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Towering 45 feet above Lawrenceville, NREC’s latest robot is its tallest |

Towering 45 feet above Lawrenceville, NREC’s latest robot is its tallest

Tom Davidson
| Wednesday, January 9, 2019 4:30 a.m
The 45-foot-tall structure outside Carnegie Mellon University’s National Robotics Engineering Center in Lawrenceville is the center’s tallest robot. Tom Swihart, lead mechanical engineer on the project, stands near it for scale.

A yellow steel structure has been looming 45 feet above Lawrence­ville for about three months.

You can see it from the 40th Street Bridge and from Polish Hill.

Sometimes secretive about its projects, Carnegie Mellon University’s National Robotics Engineering Center isn’t exactly hiding its tallest robot.

The 45-foot robot has been visible since autumn on NREC’s grounds in Lawrenceville.

“I can see it from my bedroom window in Polish Hill,” said Gabriel Goldman, technical lead for the project.

The machine is a prototype for a larger floating robot the Army Corps of Engineers will call ARMOR 1. It will bind 3,600-pound concrete blocks into mats that will be sunk into the Mississippi River to shore up its banks.

The process, called mat sinking, has been used for 70 years, and it’s crucial in preventing erosion of the banks of the Mississippi.

The goal of the system is to increase the number and size of mats that can be assembled and launched each day while improving worker safety and reducing operating costs, according to an NREC news release.

The most visible part of the NREC robot is its 45-foot-tall support structure that will hold a 55-foot-long, 24-ton arm about 20 feet above the ground. A carriage suspended from the arm will have two hoists for lifting, transporting and positioning concrete blocks so they can be tied together with wire to create the mats, according to NREC.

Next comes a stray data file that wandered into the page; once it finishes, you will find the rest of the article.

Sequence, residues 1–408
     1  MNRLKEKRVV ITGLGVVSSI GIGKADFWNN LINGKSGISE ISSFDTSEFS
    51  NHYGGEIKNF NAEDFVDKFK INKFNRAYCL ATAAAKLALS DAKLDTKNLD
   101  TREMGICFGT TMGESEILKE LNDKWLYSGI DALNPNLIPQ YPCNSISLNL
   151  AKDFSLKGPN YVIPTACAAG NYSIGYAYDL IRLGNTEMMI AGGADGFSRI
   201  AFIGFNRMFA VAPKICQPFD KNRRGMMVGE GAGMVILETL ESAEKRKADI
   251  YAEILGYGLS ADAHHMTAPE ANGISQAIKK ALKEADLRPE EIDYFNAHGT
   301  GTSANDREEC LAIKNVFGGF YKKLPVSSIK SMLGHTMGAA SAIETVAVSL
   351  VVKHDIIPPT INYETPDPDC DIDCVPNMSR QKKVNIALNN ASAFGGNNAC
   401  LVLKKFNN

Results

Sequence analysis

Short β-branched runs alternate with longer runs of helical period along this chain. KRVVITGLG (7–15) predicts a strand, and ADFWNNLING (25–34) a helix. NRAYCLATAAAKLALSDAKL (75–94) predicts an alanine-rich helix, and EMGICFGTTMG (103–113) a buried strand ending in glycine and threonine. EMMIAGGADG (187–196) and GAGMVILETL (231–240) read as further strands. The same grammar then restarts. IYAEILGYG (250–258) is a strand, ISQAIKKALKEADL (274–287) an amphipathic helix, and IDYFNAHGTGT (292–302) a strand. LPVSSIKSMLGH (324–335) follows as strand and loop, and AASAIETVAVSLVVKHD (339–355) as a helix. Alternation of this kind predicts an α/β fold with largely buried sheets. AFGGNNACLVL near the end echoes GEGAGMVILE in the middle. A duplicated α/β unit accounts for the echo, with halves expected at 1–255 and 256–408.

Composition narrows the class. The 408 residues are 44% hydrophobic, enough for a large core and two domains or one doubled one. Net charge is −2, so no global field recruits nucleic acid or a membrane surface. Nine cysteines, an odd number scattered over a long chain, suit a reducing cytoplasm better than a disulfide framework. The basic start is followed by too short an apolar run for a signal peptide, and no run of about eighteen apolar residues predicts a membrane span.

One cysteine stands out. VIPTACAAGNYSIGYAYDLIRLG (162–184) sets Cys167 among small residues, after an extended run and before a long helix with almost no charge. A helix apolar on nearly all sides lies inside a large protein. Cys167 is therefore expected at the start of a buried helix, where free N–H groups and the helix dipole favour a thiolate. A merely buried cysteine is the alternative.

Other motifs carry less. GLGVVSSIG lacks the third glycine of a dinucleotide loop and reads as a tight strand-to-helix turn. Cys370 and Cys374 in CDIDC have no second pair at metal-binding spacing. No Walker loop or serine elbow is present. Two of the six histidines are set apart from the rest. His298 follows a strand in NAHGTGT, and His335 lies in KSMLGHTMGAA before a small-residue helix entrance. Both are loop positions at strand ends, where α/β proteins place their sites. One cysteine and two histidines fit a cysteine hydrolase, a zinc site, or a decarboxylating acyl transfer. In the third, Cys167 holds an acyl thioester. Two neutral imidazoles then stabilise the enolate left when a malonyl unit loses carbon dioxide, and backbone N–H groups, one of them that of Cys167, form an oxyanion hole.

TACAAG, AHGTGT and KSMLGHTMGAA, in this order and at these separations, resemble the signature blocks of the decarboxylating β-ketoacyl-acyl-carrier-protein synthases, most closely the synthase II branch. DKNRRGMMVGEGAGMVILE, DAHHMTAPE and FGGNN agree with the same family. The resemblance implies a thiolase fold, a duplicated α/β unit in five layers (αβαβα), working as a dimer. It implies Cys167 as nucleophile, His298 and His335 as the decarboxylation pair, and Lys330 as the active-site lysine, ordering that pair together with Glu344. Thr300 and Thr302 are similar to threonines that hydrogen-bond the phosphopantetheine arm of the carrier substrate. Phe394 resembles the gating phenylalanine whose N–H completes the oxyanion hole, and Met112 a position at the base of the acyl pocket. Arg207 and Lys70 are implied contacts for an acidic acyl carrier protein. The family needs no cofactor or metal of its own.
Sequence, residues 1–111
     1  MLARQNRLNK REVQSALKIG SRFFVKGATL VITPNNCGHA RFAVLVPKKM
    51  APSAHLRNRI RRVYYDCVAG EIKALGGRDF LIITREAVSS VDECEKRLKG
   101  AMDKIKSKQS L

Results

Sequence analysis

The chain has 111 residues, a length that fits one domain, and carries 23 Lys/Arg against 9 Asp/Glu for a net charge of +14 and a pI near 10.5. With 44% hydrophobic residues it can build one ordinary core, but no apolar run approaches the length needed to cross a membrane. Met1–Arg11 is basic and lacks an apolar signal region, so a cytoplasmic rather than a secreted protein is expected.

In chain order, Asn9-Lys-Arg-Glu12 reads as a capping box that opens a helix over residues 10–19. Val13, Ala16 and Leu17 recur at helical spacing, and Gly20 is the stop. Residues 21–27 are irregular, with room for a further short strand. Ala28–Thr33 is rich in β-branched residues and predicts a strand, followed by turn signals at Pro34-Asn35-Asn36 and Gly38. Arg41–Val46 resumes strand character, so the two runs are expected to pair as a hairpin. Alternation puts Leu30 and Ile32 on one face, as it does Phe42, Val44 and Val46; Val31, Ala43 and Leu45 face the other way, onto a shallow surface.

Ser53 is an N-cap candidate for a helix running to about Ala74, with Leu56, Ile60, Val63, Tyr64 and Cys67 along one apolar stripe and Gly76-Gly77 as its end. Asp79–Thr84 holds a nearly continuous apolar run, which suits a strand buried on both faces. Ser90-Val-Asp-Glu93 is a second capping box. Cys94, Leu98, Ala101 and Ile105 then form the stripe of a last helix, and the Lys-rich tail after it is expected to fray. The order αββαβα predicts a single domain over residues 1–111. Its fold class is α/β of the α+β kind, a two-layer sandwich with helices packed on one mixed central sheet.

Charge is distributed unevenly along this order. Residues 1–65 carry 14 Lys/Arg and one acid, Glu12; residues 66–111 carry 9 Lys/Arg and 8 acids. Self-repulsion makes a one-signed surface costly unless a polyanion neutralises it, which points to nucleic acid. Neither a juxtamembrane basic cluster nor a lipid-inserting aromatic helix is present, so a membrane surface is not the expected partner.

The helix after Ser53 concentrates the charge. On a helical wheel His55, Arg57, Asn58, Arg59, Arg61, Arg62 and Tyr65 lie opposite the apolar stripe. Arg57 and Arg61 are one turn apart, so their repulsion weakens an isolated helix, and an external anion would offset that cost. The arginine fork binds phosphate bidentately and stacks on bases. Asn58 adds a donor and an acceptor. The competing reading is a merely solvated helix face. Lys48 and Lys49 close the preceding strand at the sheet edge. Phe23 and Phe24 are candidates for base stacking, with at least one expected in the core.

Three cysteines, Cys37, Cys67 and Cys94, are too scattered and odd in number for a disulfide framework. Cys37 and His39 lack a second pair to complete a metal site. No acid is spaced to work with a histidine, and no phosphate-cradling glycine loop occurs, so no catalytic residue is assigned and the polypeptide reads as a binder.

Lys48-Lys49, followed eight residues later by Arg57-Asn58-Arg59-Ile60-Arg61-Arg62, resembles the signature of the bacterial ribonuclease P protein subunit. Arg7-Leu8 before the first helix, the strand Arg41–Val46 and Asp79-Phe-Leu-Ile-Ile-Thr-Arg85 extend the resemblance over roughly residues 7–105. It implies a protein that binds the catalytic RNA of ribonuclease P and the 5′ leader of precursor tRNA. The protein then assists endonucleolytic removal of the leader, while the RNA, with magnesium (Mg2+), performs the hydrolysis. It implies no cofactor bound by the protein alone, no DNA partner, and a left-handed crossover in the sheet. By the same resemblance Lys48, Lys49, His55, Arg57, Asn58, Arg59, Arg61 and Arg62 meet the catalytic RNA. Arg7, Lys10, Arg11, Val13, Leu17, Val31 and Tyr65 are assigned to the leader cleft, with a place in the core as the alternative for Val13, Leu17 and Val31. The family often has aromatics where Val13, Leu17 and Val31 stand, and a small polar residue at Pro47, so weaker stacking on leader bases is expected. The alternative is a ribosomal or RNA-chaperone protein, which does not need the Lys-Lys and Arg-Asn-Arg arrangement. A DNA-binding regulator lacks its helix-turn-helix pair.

“What people will see outside is very large, but it’s a small part of the overall robot system,” Goldman said.

In the ARMOR 1 system, robotics will be used to assemble the mats, pick them up and place them in the river, Goldman said, although humans will still be “in the loop.”

“Our main goal here is to make it a safer process,” Goldman said. “The goal here is not to minimize employees; the goal is to make it safe and productive.”

NREC began work on the project in 2017, program manager Jim Arthur said.

In its latest phase, researchers will use the newly built robot to test each part of the process. That includes automatically picking up, moving and positioning the concrete blocks, as well as detecting when blocks are broken or otherwise defective, NREC said. They also will test methods for automatically tying the mats together.

NREC will finish its work by spring 2020, and the full-scale system, expected to be deployed in 2021, will be built by another contractor.

Although it’s the largest project NREC has undertaken, the robot won’t be the world’s largest. Tradinno, a 51-foot, 6-inch fire-breathing dragon in Germany, is the world’s largest walking robot, according to world record standard-bearer Guinness. An autonomous ore train operated by Rio Tinto in Australia also claims to be the world’s largest robot.

Tom Davidson is a Tribune-Review staff writer.
You can contact Tom at 724-487-7208, or via Twitter @TribDavidson.

Tom Davidson is a Tribune-Review staff writer. You can contact Tom at 724-226-4715, or via Twitter .

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